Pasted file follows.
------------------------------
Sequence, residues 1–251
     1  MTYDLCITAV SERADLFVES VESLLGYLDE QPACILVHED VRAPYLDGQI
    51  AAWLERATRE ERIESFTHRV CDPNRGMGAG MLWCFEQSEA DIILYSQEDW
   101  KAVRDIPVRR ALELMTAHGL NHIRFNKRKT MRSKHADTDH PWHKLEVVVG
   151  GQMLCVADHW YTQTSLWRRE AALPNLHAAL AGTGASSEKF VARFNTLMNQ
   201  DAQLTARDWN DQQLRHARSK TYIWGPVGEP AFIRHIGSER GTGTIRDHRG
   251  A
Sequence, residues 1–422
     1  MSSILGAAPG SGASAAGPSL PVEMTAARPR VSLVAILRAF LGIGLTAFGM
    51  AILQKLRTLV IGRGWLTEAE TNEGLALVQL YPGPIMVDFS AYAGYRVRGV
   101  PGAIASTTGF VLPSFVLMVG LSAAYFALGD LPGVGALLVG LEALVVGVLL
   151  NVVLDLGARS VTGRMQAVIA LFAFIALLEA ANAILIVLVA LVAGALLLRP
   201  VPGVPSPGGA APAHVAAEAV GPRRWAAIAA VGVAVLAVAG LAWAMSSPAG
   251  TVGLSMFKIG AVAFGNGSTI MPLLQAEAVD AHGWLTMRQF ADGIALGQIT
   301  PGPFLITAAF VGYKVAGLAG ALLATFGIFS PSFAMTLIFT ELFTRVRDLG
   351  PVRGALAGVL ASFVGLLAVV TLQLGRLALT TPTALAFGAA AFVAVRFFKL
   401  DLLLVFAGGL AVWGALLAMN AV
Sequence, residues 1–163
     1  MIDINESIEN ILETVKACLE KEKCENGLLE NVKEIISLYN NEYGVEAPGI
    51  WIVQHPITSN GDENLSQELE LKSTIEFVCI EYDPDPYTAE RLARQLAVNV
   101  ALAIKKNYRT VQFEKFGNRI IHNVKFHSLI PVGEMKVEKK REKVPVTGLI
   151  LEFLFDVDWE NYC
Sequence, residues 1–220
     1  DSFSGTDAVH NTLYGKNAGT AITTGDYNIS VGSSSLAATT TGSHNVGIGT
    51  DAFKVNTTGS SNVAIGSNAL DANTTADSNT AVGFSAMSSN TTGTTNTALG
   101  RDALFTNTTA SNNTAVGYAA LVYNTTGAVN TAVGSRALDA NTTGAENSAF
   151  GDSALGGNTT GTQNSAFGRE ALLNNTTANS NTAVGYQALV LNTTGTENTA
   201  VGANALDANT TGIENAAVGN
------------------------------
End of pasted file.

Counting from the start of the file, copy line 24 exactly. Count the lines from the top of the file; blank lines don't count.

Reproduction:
     1  DSFSGTDAVH NTLYGKNAGT AITTGDYNIS VGSSSLAATT TGSHNVGIGT